What’s It Take to Launch a New Credit Card?

What’s It Take
to Launch a New Credit Card?

X1 is trying to rewrite the credit card playbook

X1 Visa signature credit card

By now, we’re all familiar with the big names who own and operate the credit cards we use. And they're essentially the same, right? Which might be why some big names in tech and finance thought this might be an area in need of improvement. Or, at least, a lucrative business opportunity. It's called the X1 card.

Launched by Twitter's former director of engineering and a PayPal cofounder, they've also brought in the guy who helped Apple create their credit card to help rewrite the way they do business. For instance, the card—which doesn't charge an annual fee—underwrites customers based on their income rather than their credit scores, which the company says enables it to set credit limits up to 5x higher than traditional card providers.

With a waiting list 600,000 strong, the card became available to the public in mid-September and is getting talked about thanks to it's sleek design (the card is a single piece of stainless steel), modern features and generous rewards.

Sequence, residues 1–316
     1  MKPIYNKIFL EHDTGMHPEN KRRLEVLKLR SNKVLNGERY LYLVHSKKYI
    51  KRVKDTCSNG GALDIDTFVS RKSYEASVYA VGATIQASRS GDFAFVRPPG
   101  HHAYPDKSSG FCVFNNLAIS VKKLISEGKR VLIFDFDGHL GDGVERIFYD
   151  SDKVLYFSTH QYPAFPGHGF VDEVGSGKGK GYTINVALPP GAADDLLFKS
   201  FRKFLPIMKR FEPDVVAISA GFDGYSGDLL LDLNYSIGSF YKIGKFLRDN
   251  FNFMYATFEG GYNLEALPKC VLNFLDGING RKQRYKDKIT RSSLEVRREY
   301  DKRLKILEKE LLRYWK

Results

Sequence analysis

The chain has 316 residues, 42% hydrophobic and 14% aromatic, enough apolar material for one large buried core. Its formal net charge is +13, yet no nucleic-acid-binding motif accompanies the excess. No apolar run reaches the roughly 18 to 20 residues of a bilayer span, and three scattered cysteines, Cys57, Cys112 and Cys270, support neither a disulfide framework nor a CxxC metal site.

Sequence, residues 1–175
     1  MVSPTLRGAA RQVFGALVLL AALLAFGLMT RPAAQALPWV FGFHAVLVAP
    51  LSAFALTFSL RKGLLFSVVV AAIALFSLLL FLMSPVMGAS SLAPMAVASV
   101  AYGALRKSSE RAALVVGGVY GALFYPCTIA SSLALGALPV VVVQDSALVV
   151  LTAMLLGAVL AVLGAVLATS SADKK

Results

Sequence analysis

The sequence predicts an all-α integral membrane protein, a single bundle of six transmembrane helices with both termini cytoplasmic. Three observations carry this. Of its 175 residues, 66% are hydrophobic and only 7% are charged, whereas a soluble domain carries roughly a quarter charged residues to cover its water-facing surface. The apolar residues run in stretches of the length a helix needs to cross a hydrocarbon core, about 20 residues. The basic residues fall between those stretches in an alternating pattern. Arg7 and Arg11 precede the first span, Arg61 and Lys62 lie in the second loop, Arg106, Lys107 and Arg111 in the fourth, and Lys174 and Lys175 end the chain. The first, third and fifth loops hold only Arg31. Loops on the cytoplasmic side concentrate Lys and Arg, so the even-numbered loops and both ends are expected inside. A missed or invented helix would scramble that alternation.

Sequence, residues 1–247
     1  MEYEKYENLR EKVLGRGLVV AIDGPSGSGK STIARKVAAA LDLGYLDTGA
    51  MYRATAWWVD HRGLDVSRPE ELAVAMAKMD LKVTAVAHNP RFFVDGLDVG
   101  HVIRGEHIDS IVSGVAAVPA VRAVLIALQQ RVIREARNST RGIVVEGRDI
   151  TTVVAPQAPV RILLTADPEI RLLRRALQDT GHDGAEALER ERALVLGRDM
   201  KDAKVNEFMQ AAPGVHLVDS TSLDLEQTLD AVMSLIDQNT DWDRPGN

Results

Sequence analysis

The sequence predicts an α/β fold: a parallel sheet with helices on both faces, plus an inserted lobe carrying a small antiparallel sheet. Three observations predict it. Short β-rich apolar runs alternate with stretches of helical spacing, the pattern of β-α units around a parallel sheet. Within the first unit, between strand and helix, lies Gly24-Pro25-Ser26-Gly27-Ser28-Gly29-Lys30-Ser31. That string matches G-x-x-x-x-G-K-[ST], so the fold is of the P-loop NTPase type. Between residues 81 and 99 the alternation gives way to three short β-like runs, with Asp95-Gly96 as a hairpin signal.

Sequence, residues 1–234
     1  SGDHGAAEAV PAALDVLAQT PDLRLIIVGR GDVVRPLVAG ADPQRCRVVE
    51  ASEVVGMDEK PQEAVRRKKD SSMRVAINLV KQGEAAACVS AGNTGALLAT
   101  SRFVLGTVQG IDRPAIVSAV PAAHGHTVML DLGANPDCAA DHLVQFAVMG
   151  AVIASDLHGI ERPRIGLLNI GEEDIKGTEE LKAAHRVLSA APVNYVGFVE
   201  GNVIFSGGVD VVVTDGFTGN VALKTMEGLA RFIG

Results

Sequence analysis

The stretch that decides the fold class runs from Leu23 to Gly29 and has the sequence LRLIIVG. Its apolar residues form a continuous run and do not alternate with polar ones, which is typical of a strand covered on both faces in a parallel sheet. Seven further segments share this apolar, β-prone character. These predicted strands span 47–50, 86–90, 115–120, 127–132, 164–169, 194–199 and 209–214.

According to Afar, X1 offers a reward structure that's frankly unheard of for a card with no-fee. You can track points easily on the companion app and points are allotted (and redeemable) as soon as purchases are made—no waiting. Plus, this comes with the full portfolio of Visa Signature travel and shopping protections, which are typically only offered on cards with a healthy annual fee. Saving Advice says the APR is competitive but not the lowest in the game, so just keep that in mind when you're weighing your options.

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The average American credit cardholder had $6,194 in credit card debt—about 5% higher than last year’s average.

How to Pay Off
Credit Card Debt Faster

There are several options when it comes to paying down your debt quickly. It all depends on how much balance you’re carrying and how best you like to pay.